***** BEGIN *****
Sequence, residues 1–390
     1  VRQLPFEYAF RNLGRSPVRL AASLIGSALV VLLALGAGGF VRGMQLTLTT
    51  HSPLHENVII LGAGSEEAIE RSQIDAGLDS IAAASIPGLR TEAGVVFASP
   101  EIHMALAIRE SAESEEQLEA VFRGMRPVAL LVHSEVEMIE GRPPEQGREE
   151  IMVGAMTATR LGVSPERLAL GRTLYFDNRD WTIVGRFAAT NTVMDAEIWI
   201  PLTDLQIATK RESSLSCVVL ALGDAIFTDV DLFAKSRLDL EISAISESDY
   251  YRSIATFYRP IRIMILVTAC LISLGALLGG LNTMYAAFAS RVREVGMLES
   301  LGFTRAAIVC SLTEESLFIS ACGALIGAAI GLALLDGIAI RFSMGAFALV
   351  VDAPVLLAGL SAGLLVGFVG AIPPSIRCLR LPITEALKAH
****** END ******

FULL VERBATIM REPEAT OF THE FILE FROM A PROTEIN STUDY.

Sequence, residues 1–390
     1  VRQLPFEYAF RNLGRSPVRL AASLIGSALV VLLALGAGGF VRGMQLTLTT
    51  HSPLHENVII LGAGSEEAIE RSQIDAGLDS IAAASIPGLR TEAGVVFASP
   101  EIHMALAIRE SAESEEQLEA VFRGMRPVAL LVHSEVEMIE GRPPEQGREE
   151  IMVGAMTATR LGVSPERLAL GRTLYFDNRD WTIVGRFAAT NTVMDAEIWI
   201  PLTDLQIATK RESSLSCVVL ALGDAIFTDV DLFAKSRLDL EISAISESDY
   251  YRSIATFYRP IRIMILVTAC LISLGALLGG LNTMYAAFAS RVREVGMLES
   301  LGFTRAAIVC SLTEESLFIS ACGALIGAAI GLALLDGIAI RFSMGAFALV
   351  VDAPVLLAGL SAGLLVGFVG AIPPSIRCLR LPITEALKAH